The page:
no, the V16 was not invented by Bugatti!

no, the V16 was not invented by Bugatti!

In the 1980s, when BMW and Mercedes were fighting a merciless battle to impose their dominance on the luxury sedan market, every excuse was good to hit the enemy where it hurts: right in the ego. In this small game, the BMW was so close to a hit that the Mercedes would almost certainly be outdone for a few years. The Bavarian brand was a hair’s breadth away from announcing the 7 Series with a 400-horsepower V16, known today by the codename Goldfish.

The rivalry between BMW and Mercedes is not new. It was also more intense a few decades ago, especially in the 1980s, when the two brands responded to each other with bigger engines and technological innovations. In 1987, the Bavarian brand already sold a 7-series with a V12 engine, the 750i. The problem is, Mercedes quickly decided to do something similar with its S-Class, so it was necessary to find a way to do it more powerfully. After racking its brains, BMW found a solution…

That same year, the Goldfish project was officially launched, in great secrecy, with Adolf Fisher at the helm. The engineering team is working on a 16 V cylinder, created from a 5.0 V12 to which 4 additional cylinders have been added. When it arrives, the V16 has a displacement of 6.7 liters and lacks turbo and compression. Now all that remains is to fit it into Series 7. Or at least try to…

This 767iL Goldfish would be the undisputed queen of the left lane on the autobahn.

767: Boeing’s name for the craziest limousine of the 80s

To deal with a serious blow to Mercedes, BMW did not have 36 solutions: it was necessary to transplant this V16 into the 7 Series. Remember that expression “horned” not taken, as the coolant had to be moved to the back of the car. Therefore, two radiators and two fans ended up in the trunk, which involved “little” check out the rear design of the 7 Series.

BMW 767 iL Goldfish: no, the V16 was not invented by Bugatti!

Mercedes can say thanks to the oil crisis of the 80s

But before we talk about the looks of the car, let’s take a moment and look at the numbers. Now named the 767iL Goldfish, this impressive limousine boasted 405 horsepower, transmitted down through a 6-speed gearbox. Sure, this power might make you smile these days but, to give context, remember that the Ferrari F40 of the time produced 478 horsepower, just 73 more… BMW claimed a 0 to 100 km/h time of 6 seconds and a top speed of 280 km/h.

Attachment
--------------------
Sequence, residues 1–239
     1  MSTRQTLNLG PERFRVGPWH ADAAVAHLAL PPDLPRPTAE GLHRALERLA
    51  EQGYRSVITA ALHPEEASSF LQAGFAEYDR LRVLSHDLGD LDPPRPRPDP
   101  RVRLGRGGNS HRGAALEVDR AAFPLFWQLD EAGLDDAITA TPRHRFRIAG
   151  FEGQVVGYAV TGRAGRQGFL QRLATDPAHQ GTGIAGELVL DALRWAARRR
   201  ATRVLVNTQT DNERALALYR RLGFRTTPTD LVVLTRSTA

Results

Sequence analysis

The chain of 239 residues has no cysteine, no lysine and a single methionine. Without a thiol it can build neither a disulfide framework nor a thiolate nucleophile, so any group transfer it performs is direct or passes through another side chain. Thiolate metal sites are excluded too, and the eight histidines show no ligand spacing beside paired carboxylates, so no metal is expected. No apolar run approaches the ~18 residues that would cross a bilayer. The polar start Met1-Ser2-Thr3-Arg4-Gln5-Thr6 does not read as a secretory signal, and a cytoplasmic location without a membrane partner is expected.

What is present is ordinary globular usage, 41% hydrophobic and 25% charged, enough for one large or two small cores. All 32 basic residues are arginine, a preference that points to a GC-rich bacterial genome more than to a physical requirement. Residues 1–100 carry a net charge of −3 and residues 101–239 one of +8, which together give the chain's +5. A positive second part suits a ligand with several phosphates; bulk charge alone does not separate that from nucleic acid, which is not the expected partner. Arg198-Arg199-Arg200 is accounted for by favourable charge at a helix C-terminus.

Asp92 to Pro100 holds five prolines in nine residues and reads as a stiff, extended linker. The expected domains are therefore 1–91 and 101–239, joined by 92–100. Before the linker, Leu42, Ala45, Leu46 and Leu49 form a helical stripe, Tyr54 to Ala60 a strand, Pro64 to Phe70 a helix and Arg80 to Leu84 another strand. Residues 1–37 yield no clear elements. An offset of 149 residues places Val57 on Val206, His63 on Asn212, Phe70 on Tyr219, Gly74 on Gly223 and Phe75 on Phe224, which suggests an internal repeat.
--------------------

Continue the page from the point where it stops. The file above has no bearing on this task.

BMW 767 iL Goldfish: no, the V16 was not invented by Bugatti!

Bugatti is proud to have developed a V16… This engine design is almost 40 years old, man!

Seen from the front, this 767iL Goldfish is very difficult to distinguish from the standard 750i. As we told you, the changes are especially noticeable at the back, due to the adaptation of elements connected to the engine cooling. Two large vents were placed on top of the wings, while an impressive ventilation grille was added to the center of the trunk, cutting off the two headlights in the process. The car is finished in a color that BMW describes as black gold, which in part gives it its internal code name: “golden” by color, “fish” with lateral air inlets like gills.

BMW 767 iL Goldfish: no, the V16 was not invented by Bugatti!

A sincere thought for all the midges who could end their lives in the depths of this air intake…

Unfortunately, this beast has never seen the light of day. As with all crazy projects of the time, a fuel crisis occurred and shut down the 767iL Goldfish. But, even if it remains only in the prototype stage, it is further proof that BMW is one of the best engine manufacturers in the automotive industry.